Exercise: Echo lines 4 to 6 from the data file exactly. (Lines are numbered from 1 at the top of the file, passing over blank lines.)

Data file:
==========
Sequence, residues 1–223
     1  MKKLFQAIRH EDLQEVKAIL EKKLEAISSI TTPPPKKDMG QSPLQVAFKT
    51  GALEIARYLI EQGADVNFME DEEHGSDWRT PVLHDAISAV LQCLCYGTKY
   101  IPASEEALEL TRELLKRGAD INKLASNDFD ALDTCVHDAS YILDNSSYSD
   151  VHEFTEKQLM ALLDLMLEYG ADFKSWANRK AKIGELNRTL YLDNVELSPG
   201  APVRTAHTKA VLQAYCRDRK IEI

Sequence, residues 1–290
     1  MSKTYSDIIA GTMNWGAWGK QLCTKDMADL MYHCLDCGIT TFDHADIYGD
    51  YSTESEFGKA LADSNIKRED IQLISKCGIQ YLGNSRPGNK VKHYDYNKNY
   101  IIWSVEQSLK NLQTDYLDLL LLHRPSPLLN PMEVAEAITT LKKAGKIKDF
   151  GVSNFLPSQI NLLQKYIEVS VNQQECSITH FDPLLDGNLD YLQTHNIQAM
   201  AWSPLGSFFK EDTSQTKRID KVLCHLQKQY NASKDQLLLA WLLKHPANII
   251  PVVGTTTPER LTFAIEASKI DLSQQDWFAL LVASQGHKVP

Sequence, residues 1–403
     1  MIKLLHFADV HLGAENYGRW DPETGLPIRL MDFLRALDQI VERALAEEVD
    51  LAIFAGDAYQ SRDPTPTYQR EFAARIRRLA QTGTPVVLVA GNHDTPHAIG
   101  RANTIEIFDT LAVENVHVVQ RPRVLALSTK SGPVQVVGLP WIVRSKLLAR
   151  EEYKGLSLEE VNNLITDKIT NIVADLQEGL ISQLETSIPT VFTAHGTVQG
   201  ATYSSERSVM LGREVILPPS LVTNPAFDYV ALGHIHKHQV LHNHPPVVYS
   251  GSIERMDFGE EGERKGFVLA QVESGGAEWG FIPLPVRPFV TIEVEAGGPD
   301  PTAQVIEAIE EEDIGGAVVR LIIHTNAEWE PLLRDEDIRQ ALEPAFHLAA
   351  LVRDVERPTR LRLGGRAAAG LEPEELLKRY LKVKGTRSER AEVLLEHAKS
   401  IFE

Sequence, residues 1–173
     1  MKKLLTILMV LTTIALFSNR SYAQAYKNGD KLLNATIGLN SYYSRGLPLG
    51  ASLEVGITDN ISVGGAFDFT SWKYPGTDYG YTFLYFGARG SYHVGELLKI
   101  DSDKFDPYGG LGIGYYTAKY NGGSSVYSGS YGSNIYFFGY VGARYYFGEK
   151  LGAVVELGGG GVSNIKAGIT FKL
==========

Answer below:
   101  IPASEEALEL TRELLKRGAD INKLASNDFD ALDTCVHDAS YILDNSSYSD
   151  VHEFTEKQLM ALLDLMLEYG ADFKSWANRK AKIGELNRTL YLDNVELSPG
   201  APVRTAHTKA VLQAYCRDRK IEI